Penny for Pinellas: Voters overwhelmingly pass the tax for another decade

The Penny for Pinellas 1-cent sales tax is a decade-long tax used to fund infrastructure improvements in the county. [Pinellas County]
The Penny for Pinellas 1-cent sales tax is a decade-long tax used to fund infrastructure improvements in the county. [Pinellas County]
Published Nov. 7, 2017

After county and city officials spent months touting the Penny for Pinellas sales tax, voters on Tuesday overwhelmingly approved the program for another decade.

With all precincts reporting, about 83 percent of voters supported approving the 1-cent-per-dollar sales tax. More than 168,000 voters weighed in on the tax, with almost 139,000 voting for it.

"It's a great day for Pinellas County," commission chair Janet Long said about the landslide tax victory. "Clearly, the residents see the value in the Penny and the infrastructure it pays for."

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County government and Pinellas' 24 cities will split an estimated $2 billion in revenue from 2020, when the tax was to expire, through 2030. Governments will use the money on an array of projects, such as sewer upgrades, road paving, recreation centers and equipment for first responders.

Projections indicate that about $225 million would go toward countywide investments such as economic development, affordable housing, land assembly and jail and court facilities. The county would get $915 million on top of that, while the cities would split $853 million.

As election day approached, elected officials pointed to Hurricane Irma as a big reason why voters should renew the next round of the tax program. The last round helped pay for the Pinellas County Public Safety Complex, an $81 million fortress built to withstand a Category 5 hurricane.

Irma was the county's first test of the command center, which was built in 2014. It houses the Sheriff's Office, the Emergency Operations Center, Emergency Medical Services and the 911 dispatch center. Officials said it sheltered 200 public employees who coordinated storm efforts under one roof over 10 days.

The storm highlighted the importance of the tax and how it paid for facilities that protected county workers and residents in shelters, Long said.

"The Penny will continue to make Pinellas County beautiful for our grandchildren and decades to come," she said.

Commission vice chair Ken Welch agreed: "By renewing the Penny for Pinellas, our community has made a strong commitment to building a safe and sustainable Pinellas for generations to come."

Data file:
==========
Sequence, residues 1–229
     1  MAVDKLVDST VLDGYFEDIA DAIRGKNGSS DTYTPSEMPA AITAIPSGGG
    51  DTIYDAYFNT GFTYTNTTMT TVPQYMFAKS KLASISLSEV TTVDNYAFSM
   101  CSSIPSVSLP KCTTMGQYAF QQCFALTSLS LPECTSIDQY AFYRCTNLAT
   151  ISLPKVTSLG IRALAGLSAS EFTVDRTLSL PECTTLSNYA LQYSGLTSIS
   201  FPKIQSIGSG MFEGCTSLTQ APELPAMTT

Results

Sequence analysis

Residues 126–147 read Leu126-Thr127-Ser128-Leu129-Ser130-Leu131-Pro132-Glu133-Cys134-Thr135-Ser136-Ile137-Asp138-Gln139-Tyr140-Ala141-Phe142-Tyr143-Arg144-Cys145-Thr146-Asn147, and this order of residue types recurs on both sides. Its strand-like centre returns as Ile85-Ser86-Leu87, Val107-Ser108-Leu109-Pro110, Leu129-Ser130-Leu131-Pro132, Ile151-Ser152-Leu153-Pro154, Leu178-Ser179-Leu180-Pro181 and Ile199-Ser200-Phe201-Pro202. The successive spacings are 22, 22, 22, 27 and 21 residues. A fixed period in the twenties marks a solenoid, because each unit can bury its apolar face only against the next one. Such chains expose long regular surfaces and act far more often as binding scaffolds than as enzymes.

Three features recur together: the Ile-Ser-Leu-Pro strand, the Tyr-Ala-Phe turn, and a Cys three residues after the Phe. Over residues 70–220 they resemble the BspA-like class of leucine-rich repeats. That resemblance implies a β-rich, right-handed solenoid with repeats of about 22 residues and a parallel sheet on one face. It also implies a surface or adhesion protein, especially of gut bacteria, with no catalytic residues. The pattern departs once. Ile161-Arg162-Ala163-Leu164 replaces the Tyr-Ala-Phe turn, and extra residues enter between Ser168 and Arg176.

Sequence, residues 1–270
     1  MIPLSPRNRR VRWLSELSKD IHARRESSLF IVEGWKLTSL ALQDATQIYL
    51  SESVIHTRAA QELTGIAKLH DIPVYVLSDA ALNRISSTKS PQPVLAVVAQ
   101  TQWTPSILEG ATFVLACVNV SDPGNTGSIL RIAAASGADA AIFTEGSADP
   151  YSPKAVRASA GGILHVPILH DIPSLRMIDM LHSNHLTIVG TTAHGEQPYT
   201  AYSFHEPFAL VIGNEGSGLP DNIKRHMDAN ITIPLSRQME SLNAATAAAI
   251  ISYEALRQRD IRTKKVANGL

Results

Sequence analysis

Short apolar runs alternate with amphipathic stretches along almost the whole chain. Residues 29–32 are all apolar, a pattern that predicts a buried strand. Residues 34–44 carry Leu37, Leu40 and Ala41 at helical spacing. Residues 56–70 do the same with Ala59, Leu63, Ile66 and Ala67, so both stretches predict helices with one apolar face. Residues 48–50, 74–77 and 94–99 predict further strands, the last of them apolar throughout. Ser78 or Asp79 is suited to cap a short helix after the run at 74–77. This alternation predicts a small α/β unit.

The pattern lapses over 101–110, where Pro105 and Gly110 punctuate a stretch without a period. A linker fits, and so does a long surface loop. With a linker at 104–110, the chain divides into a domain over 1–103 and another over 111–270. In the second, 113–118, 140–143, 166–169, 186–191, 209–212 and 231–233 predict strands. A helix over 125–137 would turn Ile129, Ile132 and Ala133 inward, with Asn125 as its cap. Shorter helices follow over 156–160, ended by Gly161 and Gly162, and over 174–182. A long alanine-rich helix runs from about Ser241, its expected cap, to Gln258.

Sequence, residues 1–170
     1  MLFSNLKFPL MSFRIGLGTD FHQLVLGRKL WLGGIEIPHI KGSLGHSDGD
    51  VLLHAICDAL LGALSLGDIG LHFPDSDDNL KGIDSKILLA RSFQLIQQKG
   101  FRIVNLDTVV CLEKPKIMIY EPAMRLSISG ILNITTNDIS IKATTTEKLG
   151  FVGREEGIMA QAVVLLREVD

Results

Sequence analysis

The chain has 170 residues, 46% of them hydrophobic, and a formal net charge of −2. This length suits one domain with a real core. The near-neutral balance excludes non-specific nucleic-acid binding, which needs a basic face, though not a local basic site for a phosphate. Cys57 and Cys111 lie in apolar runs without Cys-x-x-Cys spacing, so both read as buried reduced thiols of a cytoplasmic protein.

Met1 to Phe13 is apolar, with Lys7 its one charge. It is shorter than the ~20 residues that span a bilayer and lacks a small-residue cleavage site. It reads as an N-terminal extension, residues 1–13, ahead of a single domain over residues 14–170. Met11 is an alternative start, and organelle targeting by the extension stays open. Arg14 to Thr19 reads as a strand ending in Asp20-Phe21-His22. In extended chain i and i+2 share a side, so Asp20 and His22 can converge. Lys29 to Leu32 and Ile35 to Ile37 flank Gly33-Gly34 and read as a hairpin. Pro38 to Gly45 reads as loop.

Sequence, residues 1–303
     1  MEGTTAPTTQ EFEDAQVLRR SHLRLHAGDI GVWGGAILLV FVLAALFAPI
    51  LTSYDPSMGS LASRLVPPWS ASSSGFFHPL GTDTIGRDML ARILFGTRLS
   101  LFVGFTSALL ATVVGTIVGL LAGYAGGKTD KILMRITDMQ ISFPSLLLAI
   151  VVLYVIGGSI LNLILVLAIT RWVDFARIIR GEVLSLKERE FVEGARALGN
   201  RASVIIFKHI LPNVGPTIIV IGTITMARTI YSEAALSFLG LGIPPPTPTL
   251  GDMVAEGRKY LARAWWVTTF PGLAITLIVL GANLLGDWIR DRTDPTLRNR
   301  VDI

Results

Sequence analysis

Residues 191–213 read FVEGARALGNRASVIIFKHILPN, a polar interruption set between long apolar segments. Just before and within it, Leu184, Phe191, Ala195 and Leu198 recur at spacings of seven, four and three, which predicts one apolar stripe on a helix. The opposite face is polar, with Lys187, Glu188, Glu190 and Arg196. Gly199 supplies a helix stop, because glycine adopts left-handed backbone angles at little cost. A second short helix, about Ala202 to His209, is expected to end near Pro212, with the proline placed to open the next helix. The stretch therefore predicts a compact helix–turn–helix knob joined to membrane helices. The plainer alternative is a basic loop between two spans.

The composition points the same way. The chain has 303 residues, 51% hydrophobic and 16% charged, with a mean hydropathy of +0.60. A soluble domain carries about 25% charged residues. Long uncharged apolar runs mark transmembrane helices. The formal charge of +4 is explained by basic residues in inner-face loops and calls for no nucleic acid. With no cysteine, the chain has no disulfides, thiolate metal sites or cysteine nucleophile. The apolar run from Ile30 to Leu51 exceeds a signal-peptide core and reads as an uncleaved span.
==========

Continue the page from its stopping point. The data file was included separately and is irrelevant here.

Commissioner Pat Gerard said the county can now continue to upgrade roads and sewers and invest in economic development and affordable housing.

"It shows that people have a lot of confidence in their county commission and how we handle the resources," Gerard said.

Voters narrowly adopted the Penny tax in 1989. In 1997, they passed it in a landslide, It passed again in 2007 with 56 percent of the vote.

In the year leading up to Tuesday's vote, the anti-tax foes that helped defeat the Greenlight Pinellas transportation sales tax in 2014 acknowledged they could not thwart the Penny tax renewal. Critics contend elected officials use the pot of money to complete ribbon-cutting projects that bolster their own reelection efforts.

Barb Haselden, a tax critic and 2018 commission candidate, said there was no organized support against the Penny like against Greenlight Pinellas in 2014.

"The county spent a year and undisclosed dollars with the pro-Penny campaign," she said. "No surprise at the outcome."

Unlike the 2014 transportation tax proposal, county and city officials could tout completed projects such as bridges, libraries and recreation centers that were built and paid for with the Penny tax.

In addition, officials developed a website to highlight past projects and erected signs in front of buildings, bridges, recreation centers to tell voters that the tax helped get them built.

Other selling points officials used to hawk the program: One-third of the revenue comes from tourists, and property taxes would likely increase if voters rejected the tax.

Cities, especially St. Petersburg, need money to repair failing sewer systems. A hurricane, a tropical storm and summer rains have overwhelmed St. Petersburg's sewer system in the past two years, causing 200 million gallons of sewage to flow into streets and waterways.

Contact Mark Puente at or (727) 892-2996. Follow @MarkPuente